Civilian toll rises to 24 on Afghanistan’s deadliest day
KABUL, Afghanistan — Violence took the lives of at least two dozen Afghan civilians and possibly many more Wednesday, making it the deadliest day for Afghan civilians so far this year. The day included a complex suicide attack in Kandahar City and a NATO airstrike that Afghan officials and residents said had killed women and children in eastern Afghanistan, according to Afghan officials and residents.
Last week, the head of the U.N. Afghanistan office, Jan Kubic, said that in the first quarter of this year, civilian casualties had dropped for the first time since the United Nations began keeping statistics in 2007. That positive trend has appeared to be eroding in recent days. Another official in the office, James Rodehaver, said, “One thing we can say is that this has been the deadliest day of the year so far for civilians.”
The alleged civilian casualties caused by a NATO airstrike were in rural Logar province, and for much of the day there were conflicting accounts of what had happened. By evening a NATO spokesman said that international forces and the Afghans had opened a joint investigation.
—Alissa J. Rubin and Taimoor Shah, The New York Times
US regulator concedes oversight lapse in JPMorgan loss
WASHINGTON — The front-line regulator charged with overseeing JPMorgan Chase conceded Wednesday that his agency stumbled when it overlooked a multibillion-dollar trading loss that has damaged the bank’s image and stock price.
At a Senate Banking Committee hearing, the comptroller of the currency, Thomas J. Curry, faced the brunt of the scrutiny, including a fiery round of questions from Sen. Sherrod Brown, D-Ohio. Brown asked whether the agency met a broad “standard that it set for itself.” Curry replied, “No, not in this particular case.”
“We would expect to be aware of significant risks,” he said in his first congressional testimony since taking the helm of the comptroller’s office in April. Curry disclosed that the agency was conducting “a critical self-review,” which he said he hoped would be completed in the next several weeks.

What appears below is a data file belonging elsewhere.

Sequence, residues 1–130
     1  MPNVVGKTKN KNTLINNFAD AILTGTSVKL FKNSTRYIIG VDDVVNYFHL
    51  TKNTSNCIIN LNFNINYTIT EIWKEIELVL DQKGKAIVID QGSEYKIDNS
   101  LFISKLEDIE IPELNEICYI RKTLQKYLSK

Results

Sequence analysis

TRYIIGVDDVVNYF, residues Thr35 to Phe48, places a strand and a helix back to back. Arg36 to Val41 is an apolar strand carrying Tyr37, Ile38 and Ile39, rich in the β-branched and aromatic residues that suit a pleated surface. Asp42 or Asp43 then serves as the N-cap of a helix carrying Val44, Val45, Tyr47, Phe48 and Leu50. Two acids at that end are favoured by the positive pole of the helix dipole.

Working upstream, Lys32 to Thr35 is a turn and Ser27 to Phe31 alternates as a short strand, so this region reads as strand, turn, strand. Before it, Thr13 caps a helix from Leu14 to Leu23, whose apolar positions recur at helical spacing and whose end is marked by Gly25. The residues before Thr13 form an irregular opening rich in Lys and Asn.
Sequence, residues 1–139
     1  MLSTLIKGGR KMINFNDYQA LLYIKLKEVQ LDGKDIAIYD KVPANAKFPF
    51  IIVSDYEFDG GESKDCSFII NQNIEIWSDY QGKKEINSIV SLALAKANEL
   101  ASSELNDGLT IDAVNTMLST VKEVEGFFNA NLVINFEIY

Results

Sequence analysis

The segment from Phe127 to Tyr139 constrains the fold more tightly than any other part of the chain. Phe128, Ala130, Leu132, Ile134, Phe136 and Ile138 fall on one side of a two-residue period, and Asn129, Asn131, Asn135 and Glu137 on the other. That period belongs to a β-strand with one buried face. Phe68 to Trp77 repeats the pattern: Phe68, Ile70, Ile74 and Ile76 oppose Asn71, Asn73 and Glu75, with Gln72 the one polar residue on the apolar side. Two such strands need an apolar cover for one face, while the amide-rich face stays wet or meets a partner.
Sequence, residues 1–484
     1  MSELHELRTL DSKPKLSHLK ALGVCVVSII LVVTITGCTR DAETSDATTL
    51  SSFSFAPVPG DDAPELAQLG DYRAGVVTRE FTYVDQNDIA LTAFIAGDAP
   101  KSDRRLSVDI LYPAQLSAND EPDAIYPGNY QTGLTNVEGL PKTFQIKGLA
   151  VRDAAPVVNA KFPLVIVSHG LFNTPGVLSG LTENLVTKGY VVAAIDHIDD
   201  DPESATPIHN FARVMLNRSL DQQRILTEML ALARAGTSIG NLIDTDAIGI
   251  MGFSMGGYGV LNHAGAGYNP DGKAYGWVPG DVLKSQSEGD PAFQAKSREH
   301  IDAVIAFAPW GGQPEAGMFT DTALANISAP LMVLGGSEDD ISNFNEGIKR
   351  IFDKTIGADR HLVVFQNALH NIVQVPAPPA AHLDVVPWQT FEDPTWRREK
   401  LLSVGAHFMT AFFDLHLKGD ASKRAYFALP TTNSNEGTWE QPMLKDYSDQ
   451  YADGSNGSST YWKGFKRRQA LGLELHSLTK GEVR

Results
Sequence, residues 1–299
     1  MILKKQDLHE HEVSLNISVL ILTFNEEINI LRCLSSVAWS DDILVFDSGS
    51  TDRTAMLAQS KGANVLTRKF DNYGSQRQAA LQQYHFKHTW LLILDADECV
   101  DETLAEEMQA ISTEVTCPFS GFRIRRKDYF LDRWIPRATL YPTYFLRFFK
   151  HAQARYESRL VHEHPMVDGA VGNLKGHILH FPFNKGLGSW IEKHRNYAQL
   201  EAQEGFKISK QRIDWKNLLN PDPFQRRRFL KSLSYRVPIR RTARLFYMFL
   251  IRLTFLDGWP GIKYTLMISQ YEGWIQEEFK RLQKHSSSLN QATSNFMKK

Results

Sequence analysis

The hearing Wednesday was the second in a string of inquiries planned to examine JPMorgan’s loss. The hearing included testimony from officials at four other federal agencies: the Federal Reserve, Treasury Department, Consumer Financial Protection Bureau and Federal Deposit Insurance Corp. In May, the committee called the leaders of the Commodity Futures Trading Commission and Securities and Exchange Commission, which also regulate JPMorgan, to testify after the company disclosed that it lost at least $2 billion on dubious derivatives trading.
—Ben Protess, The New York Times
Nasdaq sets aside $40 million for Facebook claims
The Nasdaq OMX Group is taking its first step to quell investor anger over the flawed debut of Facebook shares last month — pledging $40 million to cover broker losses — but some customers and competitors quickly raised objections.
The stock market operator said Wednesday that it would set aside $13.7 million in cash and pay out the rest in trading rebates to settle disputes by investors arising from technical malfunctions in Facebook’s initial public offering May 18, the biggest technology IPO ever.
Nasdaq has maintained that the decline in the price of Facebook’s stock since the first day was because of factors other than the glitches on the exchange.
—Michael J. De La Merced and Nathaniel Popper,
The New York Times